From the July 22, 1920 edition of the Vineyard Gazette:

At her fascinating studio in Edgartown, Miss Enid Yandell entertained more than 80 guests at tea Saturday afternoon. A diverting as well as picturesque change from conventional bridge parties and the like was furnished by a novel contest, a battle of flowers.

At least half of the guests brought an arrangement of flowers that, banked on tables and chairs in the cool gray-walled studio, made a most attractive display. Prizes were awarded for the most effective arrangements.

Mrs. I. Richmond Hoxie was first, with a big straw hat, tied with great bows of ribbon, and concealing in its depths, a bowl of water that kept fresh and lovely the larkspur, snap dragon and pink roses that made a picture hat indeed. Miss Christine Pease took the second prize with an exquisite arrangement of brilliant yellow California poppies in a black bowl. The third prize went to Mrs. William Butler for an arrangement that was probably the most unique entry. Flowers of all the colors of flower you ever imagined and then some were so artfully contrived and combined with real rose leaves and stems that they actually vied with the real flowers on display. The white, cream colored, tan, yellow and brown products of “A. Cook” were pasted on an artist’s palette as a fitting background for such a work of art.

A dangerously-close contestant for honors was an arrangement of wild beach peas, babies breath and an occasional dull red bees’ balm in a natural wood basket. Somehow the owner’s card was mislaid, so that it could only be identified as “No. 17”. The youthful judges, Misses Anna Flynn, Polly Compton and Lenore Hoxie had to call upon Mr. Don Barbour, Miss Yandell’s brother in law for assistance in picking the winners among entries of such bewildering beauty. Mr. Barbour, an architect from New York, made the awards with a clever presentation speech. They were small models of fountains, two of them Miss Yandells own work.

Other striking and beautiful arrangements included: orange day lilies in a copper bowl, Mrs. A. B. Leonard; pink roses, Mrs. George D. Flynn; white hydrangeas and yellow Shasta daisies; Mrs. George Burke; purple thistle in a gray basket, Miss Marion Child; sweet peas, against a background of purple iris, Mrs. Arthur Freedlander; a single long and exquisite spray of white roses, Franklin D. Wheeler; pink roses, Mrs. A. L. Swasey; formal bouquet, Dr. John H. Cabot; black-eyed Susans, Mrs. William W. King; wall pocket, Miss Caroline Hale; formal bridal nosegay, Hon. William M. Butler.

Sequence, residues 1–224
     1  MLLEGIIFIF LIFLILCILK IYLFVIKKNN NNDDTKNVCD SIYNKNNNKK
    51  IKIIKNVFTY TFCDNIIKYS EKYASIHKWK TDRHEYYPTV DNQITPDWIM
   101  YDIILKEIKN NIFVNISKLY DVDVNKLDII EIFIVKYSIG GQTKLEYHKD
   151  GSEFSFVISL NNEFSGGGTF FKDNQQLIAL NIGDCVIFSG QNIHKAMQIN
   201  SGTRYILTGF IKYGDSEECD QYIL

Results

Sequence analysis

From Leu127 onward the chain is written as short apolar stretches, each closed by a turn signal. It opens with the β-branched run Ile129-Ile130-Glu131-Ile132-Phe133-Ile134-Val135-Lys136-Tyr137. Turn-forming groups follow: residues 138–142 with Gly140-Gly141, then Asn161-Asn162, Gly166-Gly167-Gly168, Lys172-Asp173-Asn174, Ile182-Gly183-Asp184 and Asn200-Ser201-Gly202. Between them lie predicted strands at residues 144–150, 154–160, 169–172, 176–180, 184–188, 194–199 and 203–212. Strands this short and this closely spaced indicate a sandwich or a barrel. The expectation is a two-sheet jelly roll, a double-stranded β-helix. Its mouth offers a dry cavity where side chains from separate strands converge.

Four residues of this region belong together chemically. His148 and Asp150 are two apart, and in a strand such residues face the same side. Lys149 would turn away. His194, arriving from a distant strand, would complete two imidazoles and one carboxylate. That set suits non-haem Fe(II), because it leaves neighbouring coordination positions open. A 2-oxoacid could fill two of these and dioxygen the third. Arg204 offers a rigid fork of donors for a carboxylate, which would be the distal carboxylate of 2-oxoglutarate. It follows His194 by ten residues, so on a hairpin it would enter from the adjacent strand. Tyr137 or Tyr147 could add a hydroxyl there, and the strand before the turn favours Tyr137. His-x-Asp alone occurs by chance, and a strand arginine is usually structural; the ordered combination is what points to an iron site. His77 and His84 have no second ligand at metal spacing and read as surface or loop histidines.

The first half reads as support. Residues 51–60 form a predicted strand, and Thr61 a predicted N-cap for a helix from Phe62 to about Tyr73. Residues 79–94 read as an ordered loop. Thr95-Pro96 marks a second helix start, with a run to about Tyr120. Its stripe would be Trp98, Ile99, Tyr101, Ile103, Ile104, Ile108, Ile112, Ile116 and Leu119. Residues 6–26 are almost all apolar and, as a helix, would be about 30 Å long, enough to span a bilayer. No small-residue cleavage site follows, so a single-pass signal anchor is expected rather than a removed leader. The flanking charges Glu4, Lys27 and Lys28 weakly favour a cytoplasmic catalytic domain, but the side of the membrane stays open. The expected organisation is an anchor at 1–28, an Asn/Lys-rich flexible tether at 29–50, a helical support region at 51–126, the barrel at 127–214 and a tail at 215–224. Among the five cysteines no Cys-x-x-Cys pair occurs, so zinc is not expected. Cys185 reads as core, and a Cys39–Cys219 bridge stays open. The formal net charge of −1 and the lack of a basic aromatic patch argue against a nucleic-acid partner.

A pleasant thing about entering a contest like this is that after it’s all over, you pick up your entry and take it home again, where it is just as charming to the eye as ever . . . That’s what happened after Miss Yandell’s tea where guests gazed upon the flowers, danced, enjoyed the delicious refreshments that included punch, cakes, candy and ice cream cones, and inspected bas reliefs and sculpture executed by their talented hostess.


Now Edgartown, on Martha’s Vineyard, is in revolt against a bathhouse proprietor who has posted rules against bare legs, half-hose, one-piece suits or skirts shorter than the knees, and the summer folk propose to establish a rival bathing beach with less prudish restrictions. Nantucket and Oak Bluffs apparently leave it to the bathers to dress—or undress—as fancy or preference may suggest, and it is seldom anything startling or shocking bursts on the vision at either beach. ­— Brockton Enterprise.


The Uncatena went into the mud near Vineyard Haven wharf on her early trip to New Bedford Tuesday morning, and did not get clear until the tide was half-flood at 12:15 when she steamed out under her own power.

The vessel was passing the breakwater on her way to the wharf when she had to check her headway and wait several minutes for three tugs to clear the end of the wharf. The wind was northwesterly and to avoid drifting to the other side of the harbor the Uncatena had to steer against the wind and she settled up toward the mud.

When the tugs finally left the wharf they passed the Uncatena three abreast and kept her close to the mud. She as unable to back on account of the tugs and sailboats anchored to one side hampered her still more. The distance was too short for steerageway and she did not answer her helm.

The result was that the tide, then at half-ebb, left the steamer in the mud. The only damage was caused by the well-meant assistance of one of the tugs. The tug was attempting to get the Uncatena off, but went ahead before her hawser was made fast in the right place on the steamboat. The bight of rope caught and stripped off the main railing and bulwarks for about 25 feet.

Frank Vincent in his sail-boat rescued the 30 passengers and the mails. The passengers reached Oak Bluffs in time for the 9 o’clock boat.

Compiled by Hilary Wallcox